Big five of culture

Note that two constructs stand out in terms of their individual and joint impact. Ethics Accountability and Responsibility (20%) and Senior Management Commitment to Ethics (17%) together drive a 37% change in overall ethical culture.

So, if organisations want to substantially improve their ethical cultures, they need to focus first and foremost on these two drivers: accountability and visible leadership commitment to ethics. By prioritising these, organisations can maximally and positively affect ethical culture change by 37%. These two are further related: since accountability is not something that can exist without leadership commitment to ethics, it will need to be driven by a leadership that is, itself, held accountable to the same standards. If this is done effectively, it can positively and quickly impact overall ethical culture change in organisations.

Unfortunately, these results also provide some explanation as to why we are seeing unethical behaviour in both the public and private sectors in South Africa. It is being exposed, through the Commission of Inquiry into State Capture, and others, that many of the individuals identified as engaging in unethical behaviour have been senior leaders and managers. Furthermore, many of these leaders have not been sanctioned effectively and visibly for their actions – in some cases, they have even been rewarded. This is the recipe for a bad ethical culture: hold no one accountable and have very little leadership commitment to ethics.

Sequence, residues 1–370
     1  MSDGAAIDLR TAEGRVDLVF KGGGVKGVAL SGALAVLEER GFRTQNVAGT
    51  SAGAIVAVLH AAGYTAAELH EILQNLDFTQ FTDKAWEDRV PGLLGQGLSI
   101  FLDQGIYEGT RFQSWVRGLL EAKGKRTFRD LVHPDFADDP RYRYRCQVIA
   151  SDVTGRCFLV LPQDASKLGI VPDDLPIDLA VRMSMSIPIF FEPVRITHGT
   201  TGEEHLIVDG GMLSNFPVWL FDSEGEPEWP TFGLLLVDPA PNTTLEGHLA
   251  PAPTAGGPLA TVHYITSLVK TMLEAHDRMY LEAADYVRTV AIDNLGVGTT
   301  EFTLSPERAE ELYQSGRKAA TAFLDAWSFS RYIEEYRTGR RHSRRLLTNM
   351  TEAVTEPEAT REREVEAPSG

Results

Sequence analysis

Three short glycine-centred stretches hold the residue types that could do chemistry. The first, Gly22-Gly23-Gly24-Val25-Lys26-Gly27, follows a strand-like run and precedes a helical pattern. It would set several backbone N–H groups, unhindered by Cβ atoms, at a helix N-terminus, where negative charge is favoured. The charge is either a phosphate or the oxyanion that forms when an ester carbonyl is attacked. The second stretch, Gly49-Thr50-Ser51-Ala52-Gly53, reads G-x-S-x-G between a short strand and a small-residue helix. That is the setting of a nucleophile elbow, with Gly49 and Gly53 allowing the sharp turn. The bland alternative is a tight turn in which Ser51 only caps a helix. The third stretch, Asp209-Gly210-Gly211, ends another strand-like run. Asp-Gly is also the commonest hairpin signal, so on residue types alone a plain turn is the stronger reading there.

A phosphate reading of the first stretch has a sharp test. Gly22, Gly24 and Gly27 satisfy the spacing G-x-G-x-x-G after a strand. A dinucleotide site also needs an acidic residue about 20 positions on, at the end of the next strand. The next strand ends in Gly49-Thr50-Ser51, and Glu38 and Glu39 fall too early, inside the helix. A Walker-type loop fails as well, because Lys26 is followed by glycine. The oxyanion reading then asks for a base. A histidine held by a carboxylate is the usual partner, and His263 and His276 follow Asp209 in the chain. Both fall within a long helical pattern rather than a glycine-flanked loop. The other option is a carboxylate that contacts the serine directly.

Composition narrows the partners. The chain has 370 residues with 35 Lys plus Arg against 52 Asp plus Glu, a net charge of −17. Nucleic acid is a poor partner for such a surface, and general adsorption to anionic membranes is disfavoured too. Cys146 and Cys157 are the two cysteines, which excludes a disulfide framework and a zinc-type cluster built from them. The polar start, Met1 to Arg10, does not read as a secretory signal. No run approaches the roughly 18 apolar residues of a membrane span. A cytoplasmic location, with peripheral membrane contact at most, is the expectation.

Organisations should view the now well-known shenanigans as a cautionary tale of how an unethical culture can lead to things going badly wrong, but more importantly they should pour energy into the factors that cultivate an ethical culture where things go right: accountability and ethical leadership.



1 For more, refer to Hunt et al., 1989; Kaptein, 2008; Mayer, 2014; Treviño & Beeghly, 2018; Treviño et al.,1998; Victor & Cullen, 1987


IoDSA (2016). King IV: Report on corporate governance for South Africa. Johannesburg, South Africa: Institute of Directors of Southern Africa.

Hunt, S. D., Wood, V. R., & Chonko, L. B. (1989). Corporate ethical values and organizational commitment in marketing. Journal of Marketing, 53 (3), pp. 79 – 90.

Kaptein, M. (2008). Developing and testing a measure for the ethical culture of organizations: The corporate ethical virtues model. Journal of Organizational Behavior, 29, 923-947.

Mayer, D. M. (2014). A review of the literature on ethical climate and culture. In, P. E. Nathan, B. Schneider, and K. M. Barbera, The Oxford Handbook of Organizational Climate and Culture, (pp.415-440). Cary, NC: Oxford University Press.

Treviño, L. K., & Beeghly, B. (2018). Ethical culture defined and measured. Retrieved from

Victor, B., & Cullen, J. B. (1987). A theory and measure of ethical climate in organizations. Research in Corporate Social Performance and Policy, 9, 51-71.

 Paul circle


Dr Paul Vorster is a Research Specialist at The Ethics Institute. He holds a doctorate of Industrial Psychology, which he attained from the University of Johannesburg.  


Liezl BA Circle



Liezl Groenewald is Senior Manager: Organisational Ethics Development at The Ethics Institute. She holds a Master of Applied Ethics for Professionals from University of Witwatersrand and is completing a PhD in Applied Ethics at Stellenbosch University.